Now, this is where the underlying human capital/homo-economicus rationale underpinning the OECD’s Education at a Glance begins to falter – for it cannot explain why it is that following the OECD’s prescriptions – of a high level of enrolment in higher education – reduces the overall earnings to the individual rather than increasing it.

While not one that is acknowledged in the repertoire of the OECD’s ‘problem/solution toolkit’ approach, this is where a sociological analysis is particularly helpful. As sociologists of education (see Phil Brown and Simon Marginson) have shown using Fred Hirsch’s insights on ‘positional goods’ tied to social status in his book The Social Limits to Growth, an advantage will only have economic value when no-one else has it. That is, its value depends on its scarcity. In other words, if we all have a graduate degree, then its value is diminished in the marketplace compared with when only half of us have one. This is part of the dynamic, for example, underlying degree inflation.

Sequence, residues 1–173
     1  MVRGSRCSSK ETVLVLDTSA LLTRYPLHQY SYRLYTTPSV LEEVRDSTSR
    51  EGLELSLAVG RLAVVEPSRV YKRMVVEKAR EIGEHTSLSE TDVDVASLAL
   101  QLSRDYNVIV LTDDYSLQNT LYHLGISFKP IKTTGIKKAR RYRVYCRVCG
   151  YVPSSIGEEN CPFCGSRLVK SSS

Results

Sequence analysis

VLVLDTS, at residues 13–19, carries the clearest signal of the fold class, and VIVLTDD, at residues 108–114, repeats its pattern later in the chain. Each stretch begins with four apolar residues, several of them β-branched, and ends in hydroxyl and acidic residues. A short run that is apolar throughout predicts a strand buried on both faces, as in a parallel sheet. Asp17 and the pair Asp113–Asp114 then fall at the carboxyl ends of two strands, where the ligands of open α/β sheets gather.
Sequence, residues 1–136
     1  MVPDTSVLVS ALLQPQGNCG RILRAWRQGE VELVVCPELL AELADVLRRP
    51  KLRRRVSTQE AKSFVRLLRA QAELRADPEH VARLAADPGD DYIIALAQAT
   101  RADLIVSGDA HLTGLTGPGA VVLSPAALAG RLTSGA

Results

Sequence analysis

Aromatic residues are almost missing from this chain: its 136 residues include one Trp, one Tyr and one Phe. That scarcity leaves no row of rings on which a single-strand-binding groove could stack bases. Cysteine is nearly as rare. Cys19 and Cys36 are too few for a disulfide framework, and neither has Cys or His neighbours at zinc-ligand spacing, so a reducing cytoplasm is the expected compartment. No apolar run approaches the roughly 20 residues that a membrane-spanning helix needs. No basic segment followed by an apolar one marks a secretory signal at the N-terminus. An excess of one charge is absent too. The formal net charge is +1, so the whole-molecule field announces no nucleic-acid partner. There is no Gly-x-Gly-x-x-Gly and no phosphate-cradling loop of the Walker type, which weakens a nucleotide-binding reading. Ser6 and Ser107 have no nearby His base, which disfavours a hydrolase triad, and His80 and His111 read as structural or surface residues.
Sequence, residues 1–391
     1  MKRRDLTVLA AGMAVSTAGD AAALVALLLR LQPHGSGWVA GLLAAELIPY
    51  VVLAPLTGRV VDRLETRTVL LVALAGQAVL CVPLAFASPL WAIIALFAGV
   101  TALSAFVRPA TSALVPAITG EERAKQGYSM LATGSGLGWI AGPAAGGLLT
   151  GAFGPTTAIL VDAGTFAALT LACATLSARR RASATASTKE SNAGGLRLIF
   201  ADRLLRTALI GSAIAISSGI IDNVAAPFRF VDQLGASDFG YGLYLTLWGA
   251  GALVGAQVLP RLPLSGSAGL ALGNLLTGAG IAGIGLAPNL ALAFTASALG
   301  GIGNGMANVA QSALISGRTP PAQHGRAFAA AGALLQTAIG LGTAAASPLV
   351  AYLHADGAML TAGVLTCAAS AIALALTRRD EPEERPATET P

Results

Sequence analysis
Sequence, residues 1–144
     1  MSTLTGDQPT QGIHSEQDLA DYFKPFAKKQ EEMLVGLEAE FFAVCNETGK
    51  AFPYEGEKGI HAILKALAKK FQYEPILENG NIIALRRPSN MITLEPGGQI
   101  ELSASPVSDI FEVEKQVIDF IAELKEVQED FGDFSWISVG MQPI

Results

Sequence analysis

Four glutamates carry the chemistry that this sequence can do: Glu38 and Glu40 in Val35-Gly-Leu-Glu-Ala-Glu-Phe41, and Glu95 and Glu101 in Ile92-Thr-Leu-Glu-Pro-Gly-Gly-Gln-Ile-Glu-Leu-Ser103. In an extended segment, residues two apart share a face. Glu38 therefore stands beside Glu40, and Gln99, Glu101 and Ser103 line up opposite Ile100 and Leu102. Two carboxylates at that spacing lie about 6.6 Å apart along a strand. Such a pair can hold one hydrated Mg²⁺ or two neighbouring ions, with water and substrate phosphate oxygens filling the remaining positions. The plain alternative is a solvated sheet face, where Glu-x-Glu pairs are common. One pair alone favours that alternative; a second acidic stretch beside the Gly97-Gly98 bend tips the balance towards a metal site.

There’s also another issue, and this is the assumption that jobs in the ‘new knowledge economy’ will require us all to have graduate qualifications. However, the Confederation of British Industries (reported in the UK Guardian newspaper on the 17th Sept), disagrees, arguing that universities were producing far too many graduates leaving more than a million people in jobs for which they were overqualified. They argue that there are currently 10.1 million graduates in the UK, but only 9 million graduate jobs.